Let’s Be Clear: The Tornillo Center for Migrant Children is NOT a Prison

Last weekend a small, but powerful group of activists gathered at a Tornillo, Texas youth detention center to protest conditions for migrant teenagers waiting for reunification with families or official sponsors.

Joining the demonstration and facility site visit were Democratic members of Congress, including Representatives Beto O’Rourke (Texas) and Judy Chu (CA), Representative elect, Veronica Escobar (Texas) and Senators Jeff Merkley (OR), Tina Smith (MN) and Mazie Hirono (HI).

These are among the most stalwart advocates calling attention to the unending traumatization of migrant children at the U.S. Southern border.

But there is an important point that needs to be corrected.

It’s not prison.

Unfortunately, some elected officials are getting it wrong. Take for example Escobar’s statement that the children in the Tornillo Center – and by implication other such facilities – “…are being held in U.S. government prisons”.  Merkley reiterated this inaccurate characterization via Twitter, as did other current and former elected officials.

But the fact is that, as opposed to, Immigration and Customs Enforcement (ICE) detention facilities which are indistinguishable from prisons, the Tornillo center is very much a youth oriented temporary facility run by BCFS (formerly known as Baptist Child and Family Services), contracted to do so by the U.S. Office of Refugee Resettlement (ORR).

A colleague and I visited the center in September and were duly impressed with the physical setup and the staff’s commitment to creating an environment that is very much focused on the needs and comfort of the children housed there.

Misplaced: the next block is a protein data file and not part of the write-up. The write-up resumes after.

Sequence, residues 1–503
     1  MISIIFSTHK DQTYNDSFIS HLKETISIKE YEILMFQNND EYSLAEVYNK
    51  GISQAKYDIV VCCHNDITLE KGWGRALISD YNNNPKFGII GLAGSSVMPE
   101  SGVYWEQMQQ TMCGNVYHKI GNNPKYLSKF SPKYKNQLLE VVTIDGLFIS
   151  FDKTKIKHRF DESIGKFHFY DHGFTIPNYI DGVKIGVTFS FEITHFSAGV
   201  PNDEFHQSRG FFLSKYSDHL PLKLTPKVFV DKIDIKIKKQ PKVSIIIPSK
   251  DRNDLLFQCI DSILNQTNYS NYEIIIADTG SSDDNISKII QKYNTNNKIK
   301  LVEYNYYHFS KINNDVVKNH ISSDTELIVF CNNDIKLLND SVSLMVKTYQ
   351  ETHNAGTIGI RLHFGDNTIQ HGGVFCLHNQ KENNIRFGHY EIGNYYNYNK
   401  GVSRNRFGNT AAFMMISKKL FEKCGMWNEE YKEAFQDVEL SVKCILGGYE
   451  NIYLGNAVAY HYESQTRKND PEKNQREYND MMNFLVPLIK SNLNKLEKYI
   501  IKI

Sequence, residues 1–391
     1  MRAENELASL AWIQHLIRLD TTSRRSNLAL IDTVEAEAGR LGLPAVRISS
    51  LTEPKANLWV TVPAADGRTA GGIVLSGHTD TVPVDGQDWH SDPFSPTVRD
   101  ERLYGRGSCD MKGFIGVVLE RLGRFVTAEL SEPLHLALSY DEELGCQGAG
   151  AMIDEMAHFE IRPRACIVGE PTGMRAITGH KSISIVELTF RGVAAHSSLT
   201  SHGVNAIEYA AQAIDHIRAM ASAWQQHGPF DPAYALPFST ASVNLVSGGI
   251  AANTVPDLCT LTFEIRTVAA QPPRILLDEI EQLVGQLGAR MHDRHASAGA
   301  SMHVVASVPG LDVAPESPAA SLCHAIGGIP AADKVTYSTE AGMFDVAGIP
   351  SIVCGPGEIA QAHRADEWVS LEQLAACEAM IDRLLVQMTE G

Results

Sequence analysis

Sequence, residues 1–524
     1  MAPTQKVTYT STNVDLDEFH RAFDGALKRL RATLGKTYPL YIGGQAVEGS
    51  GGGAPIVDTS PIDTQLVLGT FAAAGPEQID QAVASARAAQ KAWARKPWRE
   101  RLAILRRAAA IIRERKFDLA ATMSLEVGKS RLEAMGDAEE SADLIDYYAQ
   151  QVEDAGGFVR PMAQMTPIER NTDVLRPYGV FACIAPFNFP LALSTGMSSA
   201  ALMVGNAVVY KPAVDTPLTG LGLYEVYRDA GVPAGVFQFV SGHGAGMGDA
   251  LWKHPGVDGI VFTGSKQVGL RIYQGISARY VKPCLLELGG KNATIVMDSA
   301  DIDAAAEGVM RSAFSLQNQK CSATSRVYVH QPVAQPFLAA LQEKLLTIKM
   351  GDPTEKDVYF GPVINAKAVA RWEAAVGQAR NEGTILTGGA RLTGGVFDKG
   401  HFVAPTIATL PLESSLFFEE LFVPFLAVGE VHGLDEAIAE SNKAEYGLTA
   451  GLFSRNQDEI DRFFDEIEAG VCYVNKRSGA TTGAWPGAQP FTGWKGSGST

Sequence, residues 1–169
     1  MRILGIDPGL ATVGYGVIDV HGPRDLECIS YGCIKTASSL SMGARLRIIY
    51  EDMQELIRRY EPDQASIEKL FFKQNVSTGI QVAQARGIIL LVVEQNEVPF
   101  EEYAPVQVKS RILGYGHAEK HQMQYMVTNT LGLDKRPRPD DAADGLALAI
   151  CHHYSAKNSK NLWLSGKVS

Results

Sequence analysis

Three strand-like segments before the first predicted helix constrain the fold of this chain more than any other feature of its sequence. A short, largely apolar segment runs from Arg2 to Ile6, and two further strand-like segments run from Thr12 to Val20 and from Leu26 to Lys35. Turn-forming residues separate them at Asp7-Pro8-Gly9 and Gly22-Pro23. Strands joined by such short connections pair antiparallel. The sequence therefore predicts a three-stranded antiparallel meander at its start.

We randomly entered several large, air-conditioned tents and found the kids to be engaged and, for the most part, content and attended to by what appeared to be caring staff members.

This is by no means where these children should be. They are separated from family, many traumatized by the travails of coming to and across the border, all arriving without a parent or other relative. But it is not prison, and the hard-working people at the Tornillo Center deserve accuracy.

Still it essential that we are clear about what is happening, and where the responsibility lies.

From last Summer’s zero tolerance policy that forcibly separated children from their parents at our Southern border, to tear gassing of children, to the collapse of the youth detention and placement system, we need to look no further than the Trump Administration. Their policies are and have been based on cruelty as strategies designed to deter immigration, even for people fleeing some of the most dangerous countries on the planet.

America needs clear, secure borders, of course. But it also needs a major overhaul of our immigration system generally. Part of this should be how we create pathways to citizenship and how we can assure proper treatment of legitimate asylum seekers.

No matter what, no child should ever be used as a pawn, exploited to score political or ideological points.  To do so, undermines everything we stand for.